Trends, Prevalence, and Outcomes of Sudden Cardiac Arrest Post Cardiac Transplant: A Nationwide 16-Year Study

Ameesh Isath, Sriram D. Rao, Gregory P. Siroky, Deepak Padmanabhan, Dhrubajyoti Bandyopadhyay, Chayakrit Krittanawong, Selma Mohammed, C. Anwar A. Chahal, Stuthi Perimbeti, Davendra Mehta, Johanna Contreras

Research output: Contribution to journalReview articlepeer-review

Abstract

Heart transplantation is the most effective long-term therapy for end-stage heart disease. There is limited data related to sudden cardiac arrest (SCA) in postheart transplant recipients. We aimed to describe the trends, and rate of SCA following heart transplantation and thereby identify clinical predictors as well as outcomes of SCA in patients post-transplant. We queried the National Inpatient Sample (NIS) with administrative codes for SCA and heart transplant. We assessed baseline differences between SCA and non-SCA admissions, with hazard ratios adjusted for age, gender, CCI, and race. Multivariable logistic regression models were generated to identify the independent predictors for SCA. There was a total of 30,020 hospitalizations of heart transplant recipients between 1999 and 2014 in the United States and among these 1,953 patients (6.5%) suffered SCA with an increasing trend of admissions for SCA. Among the patients who suffered from SCA, 18.83% died during the same hospitalization, 19.29% were discharged to a long-term facility, and 61.38% were discharged home. Multivariate analysis demonstrated that conduction system disorders (Hazard ratio [95% confidence interval]; 7.1 [4.5-11.1]), female gender (HR:1.2 [1.1-1.3]), diabetes (HR:1.4 [1.2-1.6]), and hypertension (HR:1.2 [1.1-1.4]) were the strongest predictors for SCA. SCA hospitalizations occur in 6.5% of patients post cardiac transplant and have been increasing from 1999 to 2014. Conduction block, graft rejection, female gender, hypertension, diabetes are independent predictors for SCA in heart transplant recipients.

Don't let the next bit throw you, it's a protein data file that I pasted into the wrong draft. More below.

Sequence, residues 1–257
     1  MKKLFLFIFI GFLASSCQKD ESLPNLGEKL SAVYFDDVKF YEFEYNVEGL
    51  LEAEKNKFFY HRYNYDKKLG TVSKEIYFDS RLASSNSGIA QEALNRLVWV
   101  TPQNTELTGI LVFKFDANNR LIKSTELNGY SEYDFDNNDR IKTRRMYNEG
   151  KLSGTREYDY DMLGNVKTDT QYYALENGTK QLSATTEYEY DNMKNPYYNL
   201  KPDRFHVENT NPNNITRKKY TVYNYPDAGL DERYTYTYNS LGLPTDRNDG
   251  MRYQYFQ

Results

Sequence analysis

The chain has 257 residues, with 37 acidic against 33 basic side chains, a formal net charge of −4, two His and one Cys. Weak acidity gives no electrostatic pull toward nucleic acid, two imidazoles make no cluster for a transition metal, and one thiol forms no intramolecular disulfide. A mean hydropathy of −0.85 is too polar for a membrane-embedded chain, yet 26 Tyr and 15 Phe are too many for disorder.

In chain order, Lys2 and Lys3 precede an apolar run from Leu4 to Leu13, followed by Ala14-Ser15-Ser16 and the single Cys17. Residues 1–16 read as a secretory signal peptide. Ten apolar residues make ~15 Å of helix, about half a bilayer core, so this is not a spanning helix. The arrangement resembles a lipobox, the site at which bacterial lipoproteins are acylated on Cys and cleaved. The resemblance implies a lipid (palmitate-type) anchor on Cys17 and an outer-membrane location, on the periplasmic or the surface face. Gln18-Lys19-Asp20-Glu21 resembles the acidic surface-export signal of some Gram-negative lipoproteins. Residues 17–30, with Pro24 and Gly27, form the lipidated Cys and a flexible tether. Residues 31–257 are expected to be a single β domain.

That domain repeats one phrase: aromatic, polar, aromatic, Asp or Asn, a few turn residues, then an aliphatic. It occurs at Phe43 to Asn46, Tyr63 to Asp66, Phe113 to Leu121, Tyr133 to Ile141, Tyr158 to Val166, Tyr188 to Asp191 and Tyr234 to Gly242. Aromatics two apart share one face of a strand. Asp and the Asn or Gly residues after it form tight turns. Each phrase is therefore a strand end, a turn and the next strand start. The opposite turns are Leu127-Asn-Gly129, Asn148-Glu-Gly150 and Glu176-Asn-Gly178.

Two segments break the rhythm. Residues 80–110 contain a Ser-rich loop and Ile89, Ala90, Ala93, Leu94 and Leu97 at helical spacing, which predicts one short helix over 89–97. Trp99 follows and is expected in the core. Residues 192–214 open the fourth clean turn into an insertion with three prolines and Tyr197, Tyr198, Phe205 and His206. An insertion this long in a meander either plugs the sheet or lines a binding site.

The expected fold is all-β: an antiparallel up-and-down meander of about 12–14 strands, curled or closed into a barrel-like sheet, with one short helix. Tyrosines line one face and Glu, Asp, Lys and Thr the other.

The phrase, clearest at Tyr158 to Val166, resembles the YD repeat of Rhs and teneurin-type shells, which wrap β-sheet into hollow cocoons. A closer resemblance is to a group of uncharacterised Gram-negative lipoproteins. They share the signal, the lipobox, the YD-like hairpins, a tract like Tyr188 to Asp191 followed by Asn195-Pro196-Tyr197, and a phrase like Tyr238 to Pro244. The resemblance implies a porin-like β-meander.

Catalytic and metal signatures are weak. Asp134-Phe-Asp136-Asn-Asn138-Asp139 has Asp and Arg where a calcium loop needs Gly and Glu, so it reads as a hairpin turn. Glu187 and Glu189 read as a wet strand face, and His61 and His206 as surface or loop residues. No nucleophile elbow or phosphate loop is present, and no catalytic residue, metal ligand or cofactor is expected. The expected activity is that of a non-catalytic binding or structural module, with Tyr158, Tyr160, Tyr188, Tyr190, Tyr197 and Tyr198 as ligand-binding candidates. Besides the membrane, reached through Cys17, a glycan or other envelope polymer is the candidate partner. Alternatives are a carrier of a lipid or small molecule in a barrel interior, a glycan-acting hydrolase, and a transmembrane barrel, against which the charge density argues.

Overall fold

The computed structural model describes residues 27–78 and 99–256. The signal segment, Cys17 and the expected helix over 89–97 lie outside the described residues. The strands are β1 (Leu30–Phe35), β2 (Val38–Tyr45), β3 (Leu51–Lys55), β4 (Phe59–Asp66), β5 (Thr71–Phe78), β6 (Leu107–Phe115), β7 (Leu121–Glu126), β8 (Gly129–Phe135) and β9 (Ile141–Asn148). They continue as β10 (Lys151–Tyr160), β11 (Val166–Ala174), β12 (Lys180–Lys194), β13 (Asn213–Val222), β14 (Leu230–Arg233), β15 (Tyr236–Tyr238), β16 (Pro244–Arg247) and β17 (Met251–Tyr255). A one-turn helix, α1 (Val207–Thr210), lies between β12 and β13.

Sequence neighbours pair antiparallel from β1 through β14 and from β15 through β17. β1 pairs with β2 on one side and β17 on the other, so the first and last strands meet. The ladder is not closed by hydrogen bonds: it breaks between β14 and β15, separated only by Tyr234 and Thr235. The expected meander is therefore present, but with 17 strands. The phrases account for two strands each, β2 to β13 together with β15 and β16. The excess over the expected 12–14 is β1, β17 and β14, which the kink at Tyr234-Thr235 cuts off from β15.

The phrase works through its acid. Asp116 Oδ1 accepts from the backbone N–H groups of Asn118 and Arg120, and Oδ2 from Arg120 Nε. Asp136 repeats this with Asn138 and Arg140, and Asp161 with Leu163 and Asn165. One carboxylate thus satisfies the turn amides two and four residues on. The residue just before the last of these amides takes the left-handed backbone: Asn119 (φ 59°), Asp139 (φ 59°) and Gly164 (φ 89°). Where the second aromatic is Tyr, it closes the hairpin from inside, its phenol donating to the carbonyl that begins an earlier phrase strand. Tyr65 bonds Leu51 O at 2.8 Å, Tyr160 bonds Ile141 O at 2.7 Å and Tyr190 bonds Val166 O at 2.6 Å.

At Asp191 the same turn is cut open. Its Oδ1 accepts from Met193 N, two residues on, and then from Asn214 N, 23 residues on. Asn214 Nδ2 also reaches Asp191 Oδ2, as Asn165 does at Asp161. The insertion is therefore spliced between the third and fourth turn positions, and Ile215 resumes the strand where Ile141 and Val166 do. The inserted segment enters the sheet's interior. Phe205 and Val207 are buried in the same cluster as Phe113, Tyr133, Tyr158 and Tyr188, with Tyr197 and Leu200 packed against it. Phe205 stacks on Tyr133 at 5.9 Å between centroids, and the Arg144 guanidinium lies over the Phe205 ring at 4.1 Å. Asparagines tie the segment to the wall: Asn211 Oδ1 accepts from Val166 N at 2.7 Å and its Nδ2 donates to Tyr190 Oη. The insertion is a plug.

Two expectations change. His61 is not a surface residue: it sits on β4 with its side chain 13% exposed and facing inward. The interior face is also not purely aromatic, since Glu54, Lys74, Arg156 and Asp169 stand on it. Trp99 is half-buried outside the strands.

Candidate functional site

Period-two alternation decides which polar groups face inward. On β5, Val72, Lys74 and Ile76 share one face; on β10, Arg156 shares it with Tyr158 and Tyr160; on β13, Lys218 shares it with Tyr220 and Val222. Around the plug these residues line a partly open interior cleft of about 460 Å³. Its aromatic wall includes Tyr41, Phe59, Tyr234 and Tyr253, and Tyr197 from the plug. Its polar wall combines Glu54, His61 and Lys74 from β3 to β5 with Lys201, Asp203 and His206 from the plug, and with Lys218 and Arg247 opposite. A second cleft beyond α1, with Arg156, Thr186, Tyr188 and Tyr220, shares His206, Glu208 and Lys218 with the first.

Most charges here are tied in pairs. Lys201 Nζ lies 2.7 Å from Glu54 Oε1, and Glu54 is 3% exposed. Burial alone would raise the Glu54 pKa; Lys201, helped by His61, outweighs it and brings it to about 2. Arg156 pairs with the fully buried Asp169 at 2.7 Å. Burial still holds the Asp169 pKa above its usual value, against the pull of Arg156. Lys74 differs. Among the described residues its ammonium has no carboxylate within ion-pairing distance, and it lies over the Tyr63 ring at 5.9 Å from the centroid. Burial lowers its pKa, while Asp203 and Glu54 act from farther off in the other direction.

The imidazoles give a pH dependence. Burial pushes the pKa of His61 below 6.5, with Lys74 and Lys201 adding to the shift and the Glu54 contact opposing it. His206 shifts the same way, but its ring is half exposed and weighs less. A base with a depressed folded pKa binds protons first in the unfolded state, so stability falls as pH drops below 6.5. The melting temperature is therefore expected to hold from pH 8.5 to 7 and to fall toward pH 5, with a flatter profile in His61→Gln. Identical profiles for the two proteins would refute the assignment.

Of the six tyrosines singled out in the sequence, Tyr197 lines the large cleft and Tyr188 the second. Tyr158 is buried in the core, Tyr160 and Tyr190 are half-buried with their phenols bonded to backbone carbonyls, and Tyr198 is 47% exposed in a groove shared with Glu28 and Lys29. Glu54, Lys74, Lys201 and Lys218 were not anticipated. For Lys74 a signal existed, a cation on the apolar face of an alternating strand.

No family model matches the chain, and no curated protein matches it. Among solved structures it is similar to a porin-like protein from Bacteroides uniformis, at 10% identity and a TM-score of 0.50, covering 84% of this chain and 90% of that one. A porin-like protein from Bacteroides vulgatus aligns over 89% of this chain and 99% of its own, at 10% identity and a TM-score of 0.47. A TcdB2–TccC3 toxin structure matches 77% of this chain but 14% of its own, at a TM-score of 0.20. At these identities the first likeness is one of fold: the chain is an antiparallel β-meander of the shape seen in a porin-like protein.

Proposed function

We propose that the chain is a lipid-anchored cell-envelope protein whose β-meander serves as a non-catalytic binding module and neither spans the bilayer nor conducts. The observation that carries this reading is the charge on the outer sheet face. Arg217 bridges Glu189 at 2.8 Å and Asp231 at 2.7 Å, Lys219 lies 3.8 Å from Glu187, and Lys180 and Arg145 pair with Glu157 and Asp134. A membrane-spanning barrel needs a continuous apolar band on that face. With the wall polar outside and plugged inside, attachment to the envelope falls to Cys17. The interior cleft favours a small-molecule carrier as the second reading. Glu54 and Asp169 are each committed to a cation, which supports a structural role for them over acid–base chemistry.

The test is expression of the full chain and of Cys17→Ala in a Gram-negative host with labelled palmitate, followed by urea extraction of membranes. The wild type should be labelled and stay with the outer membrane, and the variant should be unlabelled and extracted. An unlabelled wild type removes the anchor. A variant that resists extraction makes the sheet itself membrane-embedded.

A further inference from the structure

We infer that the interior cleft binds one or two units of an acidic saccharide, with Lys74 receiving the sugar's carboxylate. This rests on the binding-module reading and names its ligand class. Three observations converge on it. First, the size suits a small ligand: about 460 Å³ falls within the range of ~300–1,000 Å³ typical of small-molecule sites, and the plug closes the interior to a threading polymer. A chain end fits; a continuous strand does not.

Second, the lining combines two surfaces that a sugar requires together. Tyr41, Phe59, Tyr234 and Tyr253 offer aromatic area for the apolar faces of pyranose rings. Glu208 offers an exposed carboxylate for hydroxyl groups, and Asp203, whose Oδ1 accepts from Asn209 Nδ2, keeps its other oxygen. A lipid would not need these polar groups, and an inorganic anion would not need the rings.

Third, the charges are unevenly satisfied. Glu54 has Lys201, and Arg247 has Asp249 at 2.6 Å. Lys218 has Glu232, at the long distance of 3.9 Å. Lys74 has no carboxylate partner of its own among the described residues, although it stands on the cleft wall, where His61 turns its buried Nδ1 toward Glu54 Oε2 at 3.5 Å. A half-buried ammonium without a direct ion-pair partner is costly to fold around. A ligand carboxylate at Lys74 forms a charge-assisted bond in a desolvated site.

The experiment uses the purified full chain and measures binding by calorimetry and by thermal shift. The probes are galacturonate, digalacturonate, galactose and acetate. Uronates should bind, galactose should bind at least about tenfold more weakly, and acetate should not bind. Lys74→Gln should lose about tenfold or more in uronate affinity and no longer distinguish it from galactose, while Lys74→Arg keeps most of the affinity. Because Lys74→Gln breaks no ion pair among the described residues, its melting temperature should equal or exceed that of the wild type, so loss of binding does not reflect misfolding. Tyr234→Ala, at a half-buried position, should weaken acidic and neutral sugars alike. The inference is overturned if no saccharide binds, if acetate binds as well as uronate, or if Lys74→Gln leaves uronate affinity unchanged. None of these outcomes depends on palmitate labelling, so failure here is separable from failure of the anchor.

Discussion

Original languageEnglish (US)
Article number100901
JournalCurrent Problems in Cardiology
DOIs
StateAccepted/In press - 2021
Externally publishedYes

All Science Journal Classification (ASJC) codes

  • Cardiology and Cardiovascular Medicine

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